How to setup SAML with Jumpcloud - Solved

Hi team,

I decided to create a Topic where I have fixed and solved SAML authentication issue with Jumpcloud as IDP and Kibana as SP on other side, with practical example so it can help people trying to set SAML on their own.
I had a topic with an issue that I had trying to solve it with @clsa : SAML/Okta login to Kibana not working with roles

My configuration consists of 3 Elasticsearch nodes, 1 Kibana, Opendistro version 1.4.
Important note is to have oss elasticsearch, and proper versions for Opendistro versions. Compatibility matrix can be found here:

There are 3 sides for configuration, Jumpcloud (or Okta or something similar) as IDP, and Elasticsearch/Kibana on other side.

Jumpcloud config should look like this:

  • You need to create 2 groups, which will be later mapped with Opendistro Security Roles. One group will be for admins, other one for read only users. Let us call them kibana_admin and kibana_user (Mine are called different, but for sake of this tutorial I gave them different names. Make sure to change name of groups, because I am not sure if kibana_user is reserved name). Add your users that should have Kibana access into proper groups.
  • Create SAML application.
    Pick create Custom SAML App from menu.
    Configration example below:

    Configure it properly, attach groups to it, save configuration and export metadata file from it once configuration is saved.

Elasticsearch configuration:
For elasticsearch side, you need to make changes to 4 files, elasticsearch.yml, metadata file from Jumpcloud, config.yml and roles_mapping.yml
IMPORTANT NOTE make sure that you have configuration same on all 3 Elasticsearch nodes, this ate me serious time. Security script does update your security config index, but for some reason you need to have configuration on all nodes.
This is elasticsearch.yml example that uses self signed certs:

# ======================== Elasticsearch Configuration =========================
# ---------------------------------- Cluster ----------------------------------- {{ es_cluster_name }}
# ------------------------------------ Node ------------------------------------ {{ hostname }}
node.master: {{ es_master_node }} {{ es_data_node }}
node.attr.rack: {{ es_node_rack }}
# ----------------------------------- Paths ------------------------------------ {{ es_data_path }}
path.logs: {{ es_logs_path }}
# ----------------------------------- Memory -----------------------------------
bootstrap.memory_lock: {{ es_memory_lock }}
# ---------------------------------- Network ----------------------------------- {{ node_ip }}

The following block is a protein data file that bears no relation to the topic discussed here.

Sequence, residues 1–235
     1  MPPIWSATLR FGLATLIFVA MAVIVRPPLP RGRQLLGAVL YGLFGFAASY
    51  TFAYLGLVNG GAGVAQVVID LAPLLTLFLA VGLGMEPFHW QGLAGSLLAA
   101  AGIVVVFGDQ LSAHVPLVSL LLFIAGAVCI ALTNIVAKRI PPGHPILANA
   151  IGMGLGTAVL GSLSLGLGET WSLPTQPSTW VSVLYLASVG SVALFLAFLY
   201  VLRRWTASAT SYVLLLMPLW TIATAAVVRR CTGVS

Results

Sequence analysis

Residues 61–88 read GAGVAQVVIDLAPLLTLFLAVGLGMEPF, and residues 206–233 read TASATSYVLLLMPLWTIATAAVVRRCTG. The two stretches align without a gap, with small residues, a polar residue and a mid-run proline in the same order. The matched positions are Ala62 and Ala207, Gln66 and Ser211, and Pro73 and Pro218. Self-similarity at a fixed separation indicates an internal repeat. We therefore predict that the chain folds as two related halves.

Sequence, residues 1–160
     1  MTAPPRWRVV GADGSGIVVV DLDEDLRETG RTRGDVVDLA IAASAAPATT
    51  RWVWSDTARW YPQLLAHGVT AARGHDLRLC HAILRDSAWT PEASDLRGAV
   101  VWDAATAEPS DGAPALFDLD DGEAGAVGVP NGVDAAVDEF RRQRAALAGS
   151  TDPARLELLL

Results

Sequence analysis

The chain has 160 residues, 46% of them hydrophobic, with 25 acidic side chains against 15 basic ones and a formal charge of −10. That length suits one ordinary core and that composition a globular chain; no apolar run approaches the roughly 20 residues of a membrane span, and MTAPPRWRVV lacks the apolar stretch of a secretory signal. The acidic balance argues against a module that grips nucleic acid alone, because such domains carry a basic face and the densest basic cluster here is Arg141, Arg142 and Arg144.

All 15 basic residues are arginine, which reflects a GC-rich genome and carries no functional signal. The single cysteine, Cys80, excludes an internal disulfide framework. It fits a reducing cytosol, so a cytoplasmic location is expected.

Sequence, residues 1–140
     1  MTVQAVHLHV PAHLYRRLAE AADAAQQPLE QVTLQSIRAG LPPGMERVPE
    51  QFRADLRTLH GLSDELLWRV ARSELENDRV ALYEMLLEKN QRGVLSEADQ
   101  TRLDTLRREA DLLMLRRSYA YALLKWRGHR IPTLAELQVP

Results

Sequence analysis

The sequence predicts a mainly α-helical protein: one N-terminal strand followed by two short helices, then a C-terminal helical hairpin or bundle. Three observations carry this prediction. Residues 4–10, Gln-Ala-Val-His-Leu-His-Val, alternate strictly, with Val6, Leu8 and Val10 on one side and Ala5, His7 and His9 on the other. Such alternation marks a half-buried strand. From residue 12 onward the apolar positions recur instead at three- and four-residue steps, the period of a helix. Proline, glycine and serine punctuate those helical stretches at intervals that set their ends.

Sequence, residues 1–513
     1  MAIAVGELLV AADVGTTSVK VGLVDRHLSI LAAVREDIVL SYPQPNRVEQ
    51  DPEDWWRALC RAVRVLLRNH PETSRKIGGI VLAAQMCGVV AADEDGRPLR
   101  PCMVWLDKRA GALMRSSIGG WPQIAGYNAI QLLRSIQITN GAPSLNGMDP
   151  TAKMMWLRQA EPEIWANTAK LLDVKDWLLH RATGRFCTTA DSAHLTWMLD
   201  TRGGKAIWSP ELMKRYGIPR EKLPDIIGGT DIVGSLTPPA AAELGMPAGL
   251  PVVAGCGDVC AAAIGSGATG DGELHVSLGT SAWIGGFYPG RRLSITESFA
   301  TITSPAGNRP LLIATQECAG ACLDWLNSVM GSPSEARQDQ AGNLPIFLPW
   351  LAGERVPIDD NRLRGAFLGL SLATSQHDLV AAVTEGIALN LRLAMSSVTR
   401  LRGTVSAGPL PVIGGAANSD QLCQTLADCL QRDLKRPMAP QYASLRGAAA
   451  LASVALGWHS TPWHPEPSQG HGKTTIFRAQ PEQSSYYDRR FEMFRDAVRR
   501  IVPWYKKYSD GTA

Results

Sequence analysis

http.port: 9200
# --------------------------------- Discovery ----------------------------------
cluster.initial_master_nodes: ["{{ hostname_01 }}", "{{ hostname_02 }}"] ["{{ hostname_01 }}","{{ hostname_02 }}","{{ hostname_03 }}"]
discovery.zen.minimum_master_nodes: 2
# ---------------------------------- Gateway -----------------------------------
# ---------------------------------- Various -----------------------------------
######## Start OpenDistro for Elasticsearch Security Demo Configuration ########
# WARNING: revise all the lines below before you go into production
opendistro_security.ssl.transport.pemcert_filepath: node.pem
opendistro_security.ssl.transport.pemkey_filepath: node-key.pem
opendistro_security.ssl.transport.pemtrustedcas_filepath: root-ca.pem
opendistro_security.ssl.transport.enforce_hostname_verification: false
opendistro_security.ssl.http.enabled: true
opendistro_security.ssl.http.pemcert_filepath: node.pem
opendistro_security.ssl.http.pemkey_filepath: node-key.pem
opendistro_security.ssl.http.pemtrustedcas_filepath: root-ca.pem
opendistro_security.allow_unsafe_democertificates: true
opendistro_security.allow_default_init_securityindex: true
#  - CN=kirk,OU=client,O=client,L=test, C=de
  - 'CN={{ hostname_01 }},OU=UNIT,O=ORG,L=TORONTO,ST=ONTARIO,C=CA'
  - 'CN={{ hostname_02 }},OU=UNIT,O=ORG,L=TORONTO,ST=ONTARIO,C=CA'
  - 'CN={{ hostname_03 }},OU=UNIT,O=ORG,L=TORONTO,ST=ONTARIO,C=CA'
opendistro_security.audit.type: internal_elasticsearch
opendistro_security.enable_snapshot_restore_privilege: true
opendistro_security.check_snapshot_restore_write_privileges: true
opendistro_security.restapi.roles_enabled: ["all_access", "security_rest_api_access"]
cluster.routing.allocation.disk.threshold_enabled: false
node.max_local_storage_nodes: 3